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Reply to Khalil Hassan

Steve Early is on the national staff of the Communications Workers of America (CWA).

Khalil Hassan’s contribution to your July/August 2000 issue (“The Future of the Labor Left”) attempts to categorize leftwing union activists based on their past or present relationship to “the labor bureaucracy.”

He identifies me, by name, with a political tendency amusingly described as “the grousing element.” We grousers are accused of kneejerk “oppositionism” and “criticism of whatever initiatives come from labor’s leadership” at the new AFL-CIO. We are also allegedly prone to “see hidden agendas and dangers for workers or argue that nothing of substance has happened at all” since the election of John Sweeney and his “New Voice” slate in 1995.

Our final sin—shared with several other tendencies—is that we’re long on theory and short on practice and have “not examined and organized around the inner dynamics of the U.S. trade union movement itself.”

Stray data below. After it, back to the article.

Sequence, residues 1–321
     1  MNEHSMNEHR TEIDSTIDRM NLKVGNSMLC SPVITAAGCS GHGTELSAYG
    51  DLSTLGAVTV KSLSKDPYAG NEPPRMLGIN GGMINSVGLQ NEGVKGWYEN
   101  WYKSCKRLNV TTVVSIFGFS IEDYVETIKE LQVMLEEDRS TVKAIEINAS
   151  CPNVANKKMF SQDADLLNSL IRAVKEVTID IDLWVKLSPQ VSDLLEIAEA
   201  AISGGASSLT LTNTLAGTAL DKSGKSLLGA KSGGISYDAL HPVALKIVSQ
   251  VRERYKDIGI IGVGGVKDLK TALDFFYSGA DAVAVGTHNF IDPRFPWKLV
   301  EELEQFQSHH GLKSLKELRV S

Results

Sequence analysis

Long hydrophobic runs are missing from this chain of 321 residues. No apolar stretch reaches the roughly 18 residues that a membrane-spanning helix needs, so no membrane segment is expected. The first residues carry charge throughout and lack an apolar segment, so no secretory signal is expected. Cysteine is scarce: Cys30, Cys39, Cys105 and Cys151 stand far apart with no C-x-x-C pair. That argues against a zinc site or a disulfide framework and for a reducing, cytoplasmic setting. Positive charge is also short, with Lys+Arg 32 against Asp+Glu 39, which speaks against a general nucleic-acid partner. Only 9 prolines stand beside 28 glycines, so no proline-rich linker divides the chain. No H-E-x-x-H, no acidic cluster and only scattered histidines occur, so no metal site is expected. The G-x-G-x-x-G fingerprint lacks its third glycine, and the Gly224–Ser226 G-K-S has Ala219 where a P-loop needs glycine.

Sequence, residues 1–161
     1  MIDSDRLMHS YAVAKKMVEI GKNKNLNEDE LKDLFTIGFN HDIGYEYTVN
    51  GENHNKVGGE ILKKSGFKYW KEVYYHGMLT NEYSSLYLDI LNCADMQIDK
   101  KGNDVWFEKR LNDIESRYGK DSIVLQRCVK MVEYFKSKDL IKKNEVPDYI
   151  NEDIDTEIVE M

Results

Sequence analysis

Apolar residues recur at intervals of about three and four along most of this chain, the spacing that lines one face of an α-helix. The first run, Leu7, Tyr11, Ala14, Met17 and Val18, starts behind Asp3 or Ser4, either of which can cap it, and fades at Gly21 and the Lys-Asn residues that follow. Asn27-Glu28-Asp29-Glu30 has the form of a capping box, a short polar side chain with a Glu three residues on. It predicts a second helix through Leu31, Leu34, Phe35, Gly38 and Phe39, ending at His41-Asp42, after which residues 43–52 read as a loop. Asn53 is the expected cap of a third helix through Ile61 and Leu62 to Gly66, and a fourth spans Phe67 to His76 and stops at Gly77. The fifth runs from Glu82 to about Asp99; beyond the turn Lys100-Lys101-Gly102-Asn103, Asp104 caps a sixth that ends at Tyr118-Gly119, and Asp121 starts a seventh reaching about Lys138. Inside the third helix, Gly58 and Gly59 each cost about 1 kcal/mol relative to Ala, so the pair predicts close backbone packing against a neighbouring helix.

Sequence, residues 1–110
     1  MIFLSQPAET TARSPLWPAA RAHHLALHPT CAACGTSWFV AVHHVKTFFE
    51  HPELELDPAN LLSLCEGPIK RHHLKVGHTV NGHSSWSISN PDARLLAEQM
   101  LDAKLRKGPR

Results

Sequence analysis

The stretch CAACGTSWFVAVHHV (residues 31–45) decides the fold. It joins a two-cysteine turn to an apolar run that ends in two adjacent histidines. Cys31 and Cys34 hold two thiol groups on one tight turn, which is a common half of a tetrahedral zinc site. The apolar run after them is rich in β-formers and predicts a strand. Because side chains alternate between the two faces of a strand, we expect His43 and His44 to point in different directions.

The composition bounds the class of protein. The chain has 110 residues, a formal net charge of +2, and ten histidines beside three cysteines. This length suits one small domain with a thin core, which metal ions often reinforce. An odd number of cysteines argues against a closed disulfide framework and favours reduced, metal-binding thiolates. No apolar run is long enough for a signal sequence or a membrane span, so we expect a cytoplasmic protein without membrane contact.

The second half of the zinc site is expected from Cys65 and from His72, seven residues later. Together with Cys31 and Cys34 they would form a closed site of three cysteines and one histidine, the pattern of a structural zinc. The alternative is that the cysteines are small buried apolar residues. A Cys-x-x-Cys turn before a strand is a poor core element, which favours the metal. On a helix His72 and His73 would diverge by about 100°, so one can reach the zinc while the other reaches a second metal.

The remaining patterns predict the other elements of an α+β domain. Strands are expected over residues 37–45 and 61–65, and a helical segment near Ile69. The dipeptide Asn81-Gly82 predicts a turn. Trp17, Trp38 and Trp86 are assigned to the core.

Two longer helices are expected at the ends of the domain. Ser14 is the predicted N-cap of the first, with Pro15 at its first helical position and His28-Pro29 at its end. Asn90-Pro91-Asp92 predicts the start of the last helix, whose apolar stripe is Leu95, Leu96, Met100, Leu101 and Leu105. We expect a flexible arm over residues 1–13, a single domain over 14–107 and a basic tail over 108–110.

Speaking only for myself, not other grousers, I’d like to point out that my modest contribution to critical thought about the direction of the labor movement is rooted in a considerable amount of “practice”—more than twenty-five years of active duty as a union organizer and representative. Hassan has either not read or has misread the many articles and reviews that I’ve done over the past five years for Labor Notes, the Nation, the Boston Globe, the Philadelphia Inquirer, the Los Angeles Times, WorkingUSA, New Labor Forum, and other publications. All of these pieces addressed questions related to union revitalization in a manner considerably more nuanced than mere grousing.

Rather than “just say[ing] ‘no’ to the labor bureaucracy”—whatever that means—I’ve emphasized in some detail the need for member-based organizing rather than staff-dominated union-building; the importance of maintaining Jobs with Justice coalitions as independent, grassroots vehicles for creating “social justice unionism” outside official AFL structures; and the need for crossborder union alliances rooted in the rank and file, not just mediated through the officialdom.

In his contribution to the same issue, Michael Yates (a better reader perhaps?) quoted approvingly from one such essay—a book chapter on innovative international work involving members of the Communications Workers of America, on whose national staff I serve.

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